The Doodle comes on what would have been Taro’s 108th birthday — but the trail-blazing war photographer lost her life at just 26 years old, while covering the Spanish Civil War in 1937. Nonetheless, Taro managed to accomplish quite a bit in her short career.
Taro — born Gerda Pohorylle in Stuttgart, Germany — left Germany for Paris in 1933, after Adolf Hitler become chancellor. In Paris, Taro met and fell in love with photographer Robert Capa, who taught her the basics of the craft, according to the International Center of Photography (ICP). They began covering the Spanish Civil War as a team starting in 1936, the BBC reports, capturing images of troops, conflict and Spanish refugees and sending them back to French newspapers.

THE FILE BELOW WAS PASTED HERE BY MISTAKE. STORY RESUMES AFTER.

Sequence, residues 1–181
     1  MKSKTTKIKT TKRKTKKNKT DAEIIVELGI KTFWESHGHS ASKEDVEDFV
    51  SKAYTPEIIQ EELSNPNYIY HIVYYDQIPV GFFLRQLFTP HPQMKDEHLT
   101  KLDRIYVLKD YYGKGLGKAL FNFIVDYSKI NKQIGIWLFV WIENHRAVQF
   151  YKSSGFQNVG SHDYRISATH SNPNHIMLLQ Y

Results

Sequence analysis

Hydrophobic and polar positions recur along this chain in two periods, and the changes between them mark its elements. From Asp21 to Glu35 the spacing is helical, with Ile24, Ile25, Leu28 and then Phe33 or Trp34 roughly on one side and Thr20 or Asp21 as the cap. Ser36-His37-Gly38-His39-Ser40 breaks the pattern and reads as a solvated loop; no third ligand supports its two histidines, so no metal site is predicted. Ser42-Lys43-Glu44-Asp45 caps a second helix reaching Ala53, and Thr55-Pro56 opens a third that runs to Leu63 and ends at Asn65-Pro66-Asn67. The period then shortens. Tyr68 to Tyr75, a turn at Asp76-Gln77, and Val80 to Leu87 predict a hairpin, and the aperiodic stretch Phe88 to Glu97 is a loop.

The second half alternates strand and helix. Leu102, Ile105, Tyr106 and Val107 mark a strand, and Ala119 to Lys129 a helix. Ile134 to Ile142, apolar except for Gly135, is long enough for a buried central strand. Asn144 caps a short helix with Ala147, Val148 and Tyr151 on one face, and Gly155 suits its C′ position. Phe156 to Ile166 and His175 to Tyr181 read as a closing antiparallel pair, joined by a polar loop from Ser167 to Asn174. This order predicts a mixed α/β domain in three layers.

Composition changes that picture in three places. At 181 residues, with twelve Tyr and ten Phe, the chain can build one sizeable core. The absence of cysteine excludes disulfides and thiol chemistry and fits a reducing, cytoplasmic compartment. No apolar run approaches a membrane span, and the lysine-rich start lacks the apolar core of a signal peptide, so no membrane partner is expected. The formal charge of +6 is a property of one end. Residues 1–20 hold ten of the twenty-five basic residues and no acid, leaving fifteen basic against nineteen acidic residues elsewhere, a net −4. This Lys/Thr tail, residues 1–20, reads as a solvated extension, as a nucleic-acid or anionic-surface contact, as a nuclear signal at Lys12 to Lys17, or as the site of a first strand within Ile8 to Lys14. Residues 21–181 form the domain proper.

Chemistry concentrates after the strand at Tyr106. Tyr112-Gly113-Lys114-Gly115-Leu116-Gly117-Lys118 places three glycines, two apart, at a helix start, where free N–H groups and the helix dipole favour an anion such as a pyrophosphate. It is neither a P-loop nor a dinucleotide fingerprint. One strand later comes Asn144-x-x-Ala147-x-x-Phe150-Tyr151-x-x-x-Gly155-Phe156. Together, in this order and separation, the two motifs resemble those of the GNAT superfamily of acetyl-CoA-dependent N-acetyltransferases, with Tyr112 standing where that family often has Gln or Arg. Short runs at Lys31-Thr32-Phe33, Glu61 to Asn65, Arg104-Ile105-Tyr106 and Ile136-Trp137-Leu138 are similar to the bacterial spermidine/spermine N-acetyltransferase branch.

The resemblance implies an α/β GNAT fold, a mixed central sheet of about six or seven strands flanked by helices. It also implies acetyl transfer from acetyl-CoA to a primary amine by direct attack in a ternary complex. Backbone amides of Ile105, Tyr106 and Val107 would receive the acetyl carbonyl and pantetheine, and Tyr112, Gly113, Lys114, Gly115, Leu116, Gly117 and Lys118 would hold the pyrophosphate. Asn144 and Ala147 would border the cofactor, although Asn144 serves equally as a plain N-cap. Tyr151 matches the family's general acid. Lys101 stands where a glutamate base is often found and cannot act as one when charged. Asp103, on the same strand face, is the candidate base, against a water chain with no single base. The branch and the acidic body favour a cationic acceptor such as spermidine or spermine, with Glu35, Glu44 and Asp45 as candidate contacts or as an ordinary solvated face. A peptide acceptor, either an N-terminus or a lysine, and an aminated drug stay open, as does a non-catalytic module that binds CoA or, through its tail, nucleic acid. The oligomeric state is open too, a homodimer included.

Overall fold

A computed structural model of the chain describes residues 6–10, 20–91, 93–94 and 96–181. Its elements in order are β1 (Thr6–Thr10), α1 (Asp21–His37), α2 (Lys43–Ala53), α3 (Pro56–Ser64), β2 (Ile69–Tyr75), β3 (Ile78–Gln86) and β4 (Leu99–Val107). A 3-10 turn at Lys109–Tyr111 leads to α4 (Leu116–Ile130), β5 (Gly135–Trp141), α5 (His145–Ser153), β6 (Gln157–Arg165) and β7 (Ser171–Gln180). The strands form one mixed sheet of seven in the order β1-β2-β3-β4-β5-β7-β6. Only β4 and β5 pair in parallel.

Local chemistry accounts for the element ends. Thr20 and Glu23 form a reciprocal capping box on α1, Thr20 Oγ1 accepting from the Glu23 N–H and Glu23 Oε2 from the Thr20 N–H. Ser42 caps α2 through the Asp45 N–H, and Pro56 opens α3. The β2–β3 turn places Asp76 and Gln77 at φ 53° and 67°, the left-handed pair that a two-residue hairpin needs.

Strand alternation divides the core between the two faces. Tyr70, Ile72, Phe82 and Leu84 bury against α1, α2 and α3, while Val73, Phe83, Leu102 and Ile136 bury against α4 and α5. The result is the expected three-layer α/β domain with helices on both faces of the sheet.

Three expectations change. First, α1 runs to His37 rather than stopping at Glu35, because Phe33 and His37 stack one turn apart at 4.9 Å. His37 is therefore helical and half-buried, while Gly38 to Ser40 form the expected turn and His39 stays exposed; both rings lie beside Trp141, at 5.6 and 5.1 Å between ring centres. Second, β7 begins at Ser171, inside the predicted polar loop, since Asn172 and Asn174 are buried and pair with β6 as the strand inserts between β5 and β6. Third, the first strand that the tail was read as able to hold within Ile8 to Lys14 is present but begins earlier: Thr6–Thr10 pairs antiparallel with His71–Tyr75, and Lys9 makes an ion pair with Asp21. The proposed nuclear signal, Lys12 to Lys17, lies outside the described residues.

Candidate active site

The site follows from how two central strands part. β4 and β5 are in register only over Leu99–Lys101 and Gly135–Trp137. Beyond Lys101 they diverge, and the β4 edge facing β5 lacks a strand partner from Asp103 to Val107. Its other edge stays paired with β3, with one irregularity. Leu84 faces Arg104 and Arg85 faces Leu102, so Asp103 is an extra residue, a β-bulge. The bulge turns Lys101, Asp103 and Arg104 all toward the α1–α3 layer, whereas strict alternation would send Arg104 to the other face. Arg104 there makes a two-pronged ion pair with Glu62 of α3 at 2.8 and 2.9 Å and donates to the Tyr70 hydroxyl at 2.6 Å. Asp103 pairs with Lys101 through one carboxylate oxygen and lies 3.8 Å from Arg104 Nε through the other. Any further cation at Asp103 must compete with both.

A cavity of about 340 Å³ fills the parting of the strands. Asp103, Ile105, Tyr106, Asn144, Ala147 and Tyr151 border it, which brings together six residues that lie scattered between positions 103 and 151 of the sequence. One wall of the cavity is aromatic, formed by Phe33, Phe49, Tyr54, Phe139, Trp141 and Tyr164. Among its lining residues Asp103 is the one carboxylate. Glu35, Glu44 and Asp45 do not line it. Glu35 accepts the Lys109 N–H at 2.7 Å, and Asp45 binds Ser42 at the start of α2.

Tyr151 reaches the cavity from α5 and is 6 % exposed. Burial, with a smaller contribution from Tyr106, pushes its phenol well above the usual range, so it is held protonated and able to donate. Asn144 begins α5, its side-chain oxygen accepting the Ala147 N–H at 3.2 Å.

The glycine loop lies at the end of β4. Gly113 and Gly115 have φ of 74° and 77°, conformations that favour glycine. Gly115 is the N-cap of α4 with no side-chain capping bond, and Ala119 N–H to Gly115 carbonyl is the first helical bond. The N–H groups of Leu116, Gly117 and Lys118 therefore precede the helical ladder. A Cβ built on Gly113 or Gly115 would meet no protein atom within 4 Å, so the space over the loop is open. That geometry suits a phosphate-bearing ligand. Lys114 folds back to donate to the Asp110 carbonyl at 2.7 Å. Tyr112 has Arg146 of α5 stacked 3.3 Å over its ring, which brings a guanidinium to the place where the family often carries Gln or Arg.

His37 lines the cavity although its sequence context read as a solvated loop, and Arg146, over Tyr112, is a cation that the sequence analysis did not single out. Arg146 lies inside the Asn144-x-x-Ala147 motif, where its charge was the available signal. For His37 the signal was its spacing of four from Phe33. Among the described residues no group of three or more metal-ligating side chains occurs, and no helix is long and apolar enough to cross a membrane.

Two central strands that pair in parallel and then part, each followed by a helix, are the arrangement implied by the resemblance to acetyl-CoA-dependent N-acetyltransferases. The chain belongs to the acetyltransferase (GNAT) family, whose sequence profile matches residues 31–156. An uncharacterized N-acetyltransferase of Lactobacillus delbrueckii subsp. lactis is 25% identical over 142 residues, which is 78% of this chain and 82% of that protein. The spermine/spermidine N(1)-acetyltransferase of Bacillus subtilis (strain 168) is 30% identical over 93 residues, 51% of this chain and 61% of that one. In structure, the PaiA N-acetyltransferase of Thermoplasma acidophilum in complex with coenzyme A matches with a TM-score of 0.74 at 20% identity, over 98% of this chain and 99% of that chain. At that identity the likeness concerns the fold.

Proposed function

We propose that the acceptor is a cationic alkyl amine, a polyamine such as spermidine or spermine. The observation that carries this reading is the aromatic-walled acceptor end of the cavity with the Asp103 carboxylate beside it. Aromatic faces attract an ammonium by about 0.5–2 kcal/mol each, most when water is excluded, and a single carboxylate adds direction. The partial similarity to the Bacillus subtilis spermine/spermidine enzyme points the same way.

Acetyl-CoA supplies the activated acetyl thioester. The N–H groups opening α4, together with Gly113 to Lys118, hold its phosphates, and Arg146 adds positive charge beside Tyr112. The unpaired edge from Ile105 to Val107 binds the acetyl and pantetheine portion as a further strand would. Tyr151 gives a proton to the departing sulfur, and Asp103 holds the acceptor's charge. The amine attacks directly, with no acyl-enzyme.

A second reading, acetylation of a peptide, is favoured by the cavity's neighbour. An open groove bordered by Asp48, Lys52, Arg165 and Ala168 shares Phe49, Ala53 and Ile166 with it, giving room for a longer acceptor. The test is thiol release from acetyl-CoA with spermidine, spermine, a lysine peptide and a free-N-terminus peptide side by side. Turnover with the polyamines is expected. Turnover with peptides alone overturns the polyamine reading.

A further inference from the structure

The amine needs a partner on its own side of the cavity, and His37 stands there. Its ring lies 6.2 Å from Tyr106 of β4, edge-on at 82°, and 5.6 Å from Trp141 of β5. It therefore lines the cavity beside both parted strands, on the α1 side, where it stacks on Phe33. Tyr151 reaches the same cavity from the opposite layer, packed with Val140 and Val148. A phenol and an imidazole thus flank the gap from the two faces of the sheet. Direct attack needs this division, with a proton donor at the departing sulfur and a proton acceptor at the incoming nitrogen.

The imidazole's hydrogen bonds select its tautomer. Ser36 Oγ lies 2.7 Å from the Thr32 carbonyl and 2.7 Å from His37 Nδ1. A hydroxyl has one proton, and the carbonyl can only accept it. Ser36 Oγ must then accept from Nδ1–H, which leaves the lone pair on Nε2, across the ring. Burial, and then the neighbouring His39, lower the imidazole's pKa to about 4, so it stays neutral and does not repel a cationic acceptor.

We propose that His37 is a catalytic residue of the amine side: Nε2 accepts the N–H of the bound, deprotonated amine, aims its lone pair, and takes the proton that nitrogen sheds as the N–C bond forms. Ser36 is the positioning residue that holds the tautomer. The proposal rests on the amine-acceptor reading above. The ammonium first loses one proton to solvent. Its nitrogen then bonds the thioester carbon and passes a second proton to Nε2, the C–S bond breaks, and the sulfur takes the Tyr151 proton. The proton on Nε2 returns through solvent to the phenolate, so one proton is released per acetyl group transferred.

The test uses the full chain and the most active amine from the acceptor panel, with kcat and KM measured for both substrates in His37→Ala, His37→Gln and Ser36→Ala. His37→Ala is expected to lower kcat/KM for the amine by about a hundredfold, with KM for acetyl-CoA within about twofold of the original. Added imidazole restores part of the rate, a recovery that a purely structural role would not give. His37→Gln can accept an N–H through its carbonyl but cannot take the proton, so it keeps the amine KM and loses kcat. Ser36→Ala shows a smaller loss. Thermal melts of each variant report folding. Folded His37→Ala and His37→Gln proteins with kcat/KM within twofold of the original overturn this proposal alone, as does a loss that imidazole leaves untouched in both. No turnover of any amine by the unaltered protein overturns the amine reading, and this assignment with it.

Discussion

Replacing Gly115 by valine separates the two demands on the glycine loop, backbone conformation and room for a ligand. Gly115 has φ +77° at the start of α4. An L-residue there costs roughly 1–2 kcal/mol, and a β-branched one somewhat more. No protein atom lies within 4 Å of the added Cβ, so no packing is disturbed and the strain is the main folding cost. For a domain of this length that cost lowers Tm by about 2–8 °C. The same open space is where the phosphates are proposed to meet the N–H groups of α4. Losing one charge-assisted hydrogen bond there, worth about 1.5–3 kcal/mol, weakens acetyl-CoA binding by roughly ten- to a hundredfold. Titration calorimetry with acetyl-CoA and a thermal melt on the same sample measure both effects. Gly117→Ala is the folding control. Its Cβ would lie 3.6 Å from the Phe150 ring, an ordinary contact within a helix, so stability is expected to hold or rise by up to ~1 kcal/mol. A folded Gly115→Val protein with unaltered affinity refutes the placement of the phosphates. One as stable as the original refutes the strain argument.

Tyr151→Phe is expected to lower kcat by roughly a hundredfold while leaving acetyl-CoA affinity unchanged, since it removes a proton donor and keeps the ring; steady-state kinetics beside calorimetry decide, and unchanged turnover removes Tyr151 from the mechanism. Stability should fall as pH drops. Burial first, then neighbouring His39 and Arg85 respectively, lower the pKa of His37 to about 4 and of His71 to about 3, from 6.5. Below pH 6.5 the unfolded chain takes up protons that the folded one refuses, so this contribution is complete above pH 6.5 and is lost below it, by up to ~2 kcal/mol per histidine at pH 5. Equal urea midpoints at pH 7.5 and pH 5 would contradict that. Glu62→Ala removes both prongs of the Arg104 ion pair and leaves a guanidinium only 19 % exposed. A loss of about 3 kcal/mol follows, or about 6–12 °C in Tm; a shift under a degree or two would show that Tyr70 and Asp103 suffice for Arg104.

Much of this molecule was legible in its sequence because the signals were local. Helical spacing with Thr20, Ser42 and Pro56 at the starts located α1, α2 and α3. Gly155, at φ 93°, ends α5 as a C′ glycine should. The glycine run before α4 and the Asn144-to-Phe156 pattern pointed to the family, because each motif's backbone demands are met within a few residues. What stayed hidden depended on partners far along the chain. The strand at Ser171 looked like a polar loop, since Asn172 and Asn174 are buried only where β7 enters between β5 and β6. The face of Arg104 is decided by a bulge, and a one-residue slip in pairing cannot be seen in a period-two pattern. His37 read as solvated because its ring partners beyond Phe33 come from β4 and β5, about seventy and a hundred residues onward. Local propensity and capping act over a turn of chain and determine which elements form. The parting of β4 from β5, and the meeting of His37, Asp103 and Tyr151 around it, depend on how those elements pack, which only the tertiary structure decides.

Eventually, Taro began venturing out alone on photographic missions — including the one in 1937 that led to her death, after she was inadvertently crushed a Loyalist tank, according to ICP.
A decade ago, an exhibition at the Barbican Art Gallery in London, featuring many never-before-seen images taken by Taro and Capa, gave her work new life. Although Taro’s work has been overshadowed by Capa’s, and her legacy remains largely unknown, she is considered one of the world’s first frontline female war photographers, and the first to die in action.